Chancellor Merkel suggested yesterday that Greece might not survive in the euro. Have her staff been reading the blogosphere? Have they seen what many have seen, that negotiations seem to be on the road to nowhere? Perhaps, perhaps.
But I wondered, to whom is she speaking? In one sense, the substance of her comments contained nothing new. The news is that she said it. Why, and why now?
Here are some possible audiences:
- Investors: Merkel is saying, don’t judge the euro by Greece. Yes, we have this gangrenous lower limb, but we will amputate if necessary, and it isn’t very big, anyway.
- Greece: Merkel is the resolute cop, who arrives at the scene where Greece is holding the euro hostage. The cop says, ‘I’m not afraid to shoot the hostage.’ Greece drops the hostage and capitulates.
- Institute of International Finance: Maybe Merkel is a poker player? Is she calling the bluff of Greek bond holders? ‘You’ve been talking a pretty big game there. Now it’s time to show yer cards.’
I’m not sure her comments change anything on the ground, but it is interesting to hear her make them.
26/01/2012 § 8 Comments
Oh dear. Tyler Cowen has suggested that class mobility might not be that bad, and John Quiggin has taken him to task. The underlying question is, what level of mobility would indicate a meritocracy? Or at least the level of meritocratic reward we prefer? Does low mobility in itself indicate lack of meritocracy?
In the last year or two, I have joined both Mensa and the Triple Nine Society. It turns out that high IQ societies are obsessed with IQ measurements and what they mean. For example, the last TNS newsletter had a great article on the Flynn effect (named for NZ’s own Prof Flynn, University of Otago). I have therefore been reading and thinking lately about what IQ is and what it profits a person.
This debate about mobility and meritocracy touches on three issues:
- selection of breeding partner
- heritability of intelligence/IQ
- correlation of earnings and IQ.
Conceptually, if people select breeding partners with similar IQs, IQ is totally inherited, and earnings correlate perfectly with IQ, then society will be both rigid and meritocratic. Relax any of the conditions, and you introduce mobility into a meritocratic society. If we then take as given:
- individuals are allowed to select their preferred partners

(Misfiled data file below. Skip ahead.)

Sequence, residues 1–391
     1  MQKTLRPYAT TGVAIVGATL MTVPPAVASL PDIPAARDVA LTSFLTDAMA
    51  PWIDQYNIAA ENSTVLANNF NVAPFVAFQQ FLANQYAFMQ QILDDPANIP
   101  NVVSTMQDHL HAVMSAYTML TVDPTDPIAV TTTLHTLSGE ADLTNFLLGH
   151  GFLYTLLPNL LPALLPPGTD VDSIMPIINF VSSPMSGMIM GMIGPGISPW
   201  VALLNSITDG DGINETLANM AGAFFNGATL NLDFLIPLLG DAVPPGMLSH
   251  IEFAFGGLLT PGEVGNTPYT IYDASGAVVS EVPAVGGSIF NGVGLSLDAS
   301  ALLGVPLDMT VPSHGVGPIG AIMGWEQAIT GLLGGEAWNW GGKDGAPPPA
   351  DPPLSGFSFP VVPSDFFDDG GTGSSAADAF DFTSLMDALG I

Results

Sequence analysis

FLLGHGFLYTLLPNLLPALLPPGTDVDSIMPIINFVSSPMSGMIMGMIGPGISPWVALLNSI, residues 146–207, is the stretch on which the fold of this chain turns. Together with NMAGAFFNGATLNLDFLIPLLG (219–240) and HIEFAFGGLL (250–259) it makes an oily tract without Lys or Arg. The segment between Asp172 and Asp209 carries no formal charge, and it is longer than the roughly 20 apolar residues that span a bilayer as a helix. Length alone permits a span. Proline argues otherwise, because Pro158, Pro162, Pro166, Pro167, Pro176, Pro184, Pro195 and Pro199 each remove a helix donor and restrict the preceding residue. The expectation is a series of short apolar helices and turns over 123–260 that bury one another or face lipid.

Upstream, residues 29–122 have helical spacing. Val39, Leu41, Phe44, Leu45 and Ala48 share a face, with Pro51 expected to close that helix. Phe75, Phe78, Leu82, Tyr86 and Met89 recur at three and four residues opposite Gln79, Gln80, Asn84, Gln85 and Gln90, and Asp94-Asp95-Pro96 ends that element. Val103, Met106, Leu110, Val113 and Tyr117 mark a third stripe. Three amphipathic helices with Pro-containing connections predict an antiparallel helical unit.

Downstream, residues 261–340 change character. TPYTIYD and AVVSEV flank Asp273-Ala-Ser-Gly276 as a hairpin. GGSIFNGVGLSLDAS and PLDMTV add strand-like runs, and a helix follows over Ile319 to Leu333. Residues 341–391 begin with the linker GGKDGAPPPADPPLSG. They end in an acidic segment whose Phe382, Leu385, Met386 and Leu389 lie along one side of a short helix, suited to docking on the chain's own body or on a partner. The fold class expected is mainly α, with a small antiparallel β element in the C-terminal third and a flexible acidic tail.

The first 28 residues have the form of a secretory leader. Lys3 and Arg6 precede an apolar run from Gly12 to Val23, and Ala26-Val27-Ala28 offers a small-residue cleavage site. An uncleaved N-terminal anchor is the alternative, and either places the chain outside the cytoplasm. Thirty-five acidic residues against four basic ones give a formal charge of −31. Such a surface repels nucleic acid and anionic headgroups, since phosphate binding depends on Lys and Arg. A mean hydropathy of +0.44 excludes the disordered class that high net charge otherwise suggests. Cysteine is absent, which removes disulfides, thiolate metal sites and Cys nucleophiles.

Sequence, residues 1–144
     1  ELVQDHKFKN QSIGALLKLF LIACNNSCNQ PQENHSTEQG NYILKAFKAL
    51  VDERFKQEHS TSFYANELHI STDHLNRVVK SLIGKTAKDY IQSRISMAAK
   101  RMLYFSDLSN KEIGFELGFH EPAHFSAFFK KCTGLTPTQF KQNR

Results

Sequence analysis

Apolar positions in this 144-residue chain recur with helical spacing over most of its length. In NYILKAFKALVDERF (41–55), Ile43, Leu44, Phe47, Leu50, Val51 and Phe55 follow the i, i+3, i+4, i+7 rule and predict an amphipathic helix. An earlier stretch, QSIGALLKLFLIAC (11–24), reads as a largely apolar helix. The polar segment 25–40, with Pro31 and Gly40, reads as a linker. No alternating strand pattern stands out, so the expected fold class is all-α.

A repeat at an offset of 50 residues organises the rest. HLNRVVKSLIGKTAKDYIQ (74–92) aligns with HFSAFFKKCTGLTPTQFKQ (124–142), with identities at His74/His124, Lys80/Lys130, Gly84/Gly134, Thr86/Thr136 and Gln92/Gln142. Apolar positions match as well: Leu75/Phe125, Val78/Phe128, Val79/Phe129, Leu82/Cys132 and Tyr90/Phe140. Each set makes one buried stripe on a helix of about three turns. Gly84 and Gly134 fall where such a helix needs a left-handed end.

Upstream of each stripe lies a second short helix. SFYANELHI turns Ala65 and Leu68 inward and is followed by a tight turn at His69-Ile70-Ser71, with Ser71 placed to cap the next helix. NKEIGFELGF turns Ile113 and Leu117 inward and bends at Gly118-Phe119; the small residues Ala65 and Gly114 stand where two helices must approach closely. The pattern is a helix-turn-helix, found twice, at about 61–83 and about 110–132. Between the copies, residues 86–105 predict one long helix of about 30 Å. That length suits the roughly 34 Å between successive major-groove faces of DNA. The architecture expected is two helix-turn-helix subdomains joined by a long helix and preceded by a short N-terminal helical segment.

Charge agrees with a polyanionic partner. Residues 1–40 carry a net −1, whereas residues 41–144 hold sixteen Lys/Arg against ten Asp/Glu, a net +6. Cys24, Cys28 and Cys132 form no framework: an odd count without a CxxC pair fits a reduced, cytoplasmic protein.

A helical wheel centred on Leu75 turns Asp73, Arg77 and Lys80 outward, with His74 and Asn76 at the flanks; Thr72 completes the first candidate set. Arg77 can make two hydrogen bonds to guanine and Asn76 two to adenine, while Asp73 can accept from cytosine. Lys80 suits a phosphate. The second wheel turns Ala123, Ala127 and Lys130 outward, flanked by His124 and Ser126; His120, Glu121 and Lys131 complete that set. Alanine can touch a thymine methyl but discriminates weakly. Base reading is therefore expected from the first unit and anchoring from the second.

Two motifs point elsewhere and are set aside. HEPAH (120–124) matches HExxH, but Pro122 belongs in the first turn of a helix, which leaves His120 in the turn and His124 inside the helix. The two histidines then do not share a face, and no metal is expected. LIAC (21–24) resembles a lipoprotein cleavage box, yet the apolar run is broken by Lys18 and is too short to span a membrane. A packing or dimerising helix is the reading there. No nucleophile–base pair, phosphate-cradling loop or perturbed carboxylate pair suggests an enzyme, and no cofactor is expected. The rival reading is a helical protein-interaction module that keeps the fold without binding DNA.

- individuals will prefer partners similar to themselves
- heritability is biologically determined, rather than decided by social policy,
we are left with asking, what should be the reward for a given level of IQ?
I built a small spreadsheet model to try to understand this. I generated 100 people with random IQs (mean=100, SD=15) and gave them incomes equal to exp(IQ/10). I paired them so as to minimise the sum of the squares of the differences in IQ across all breeding pairs (1000 random draws). Then, each pair had two children. Their IQs were 50% random and 50% inherited. Their incomes were also equal to exp(IQ/10).
I put both the parents and children into quintiles and calculated the class mobility of the children. Here is the result:
All the inputs to the model are subject to debate. How inheritable is IQ? How do we select mates? How much should or does income depend on IQ? What are social preferences for equality of outcomes?
The key point is that, given the right parameters, you can have both class rigidity and meritocracy.
26/01/2012 § Leave a Comment
Over the last few decades, the service sector hasn’t extracted large productivity gains from new technology. Manufacturing and the primary sector have done better. Services are becoming larger parts of advanced economies, so the lower productivity is a worry for total economic growth. Baumol (1967) provided the basic model. Although the Brookings Institution along with others proclaimed the disease cured in the 2000s, other research suggests this isn’t true.
I’ve eaten in many, many restaurants, bistros, and cafes over the last few weeks. The wide range of technology has been fascinating.
In midtown New York, we had breakfast in a diner. From our booth, we ordered pancakes, eggs, bacon, and toast. The waiter wrote our order in an order pad, the same kind I used 20-odd years ago in my restaurant jobs. Then, he gave the order slip to the cook who made our food. When we asked for the bill, he wrote the prices from memory and added it up.
In Aix-en-Provence, we went to a steak house that was part of a national chain (I had a salad — *sigh*). The waitress had a handheld electronic device for taking our order. The device sent the order to the kitchen. When it came time to pay, the order was in the electronic till, which added up the prices. The waitress also brought a wireless device to the table for EFTPOS payment.
The food and beverage sector has had very low productivity growth. Looking around, though, you see lots of different technologies being used. This is a heterogeneous sector, so there’s no surprise that you see heterogeneous technology.
At a guess, the most efficient technology depends on several aspects of these businesses. If the staff and the menu don’t change much, then paper tickets are probably more efficient. Staff know the details of the dishes, they know the prices, and inventory management is fairly routine. Higher staff turnover or more frequent menu changes mean that new information has to be provided to staff more often. Those restaurants can use IT to do that efficiently.
Also, more impersonal workplaces — ones with lower levels of trust — need more monitoring. If ordering, preparing, and billing are all tied together, it is harder for an employee to pocket the money from a bill paid in cash.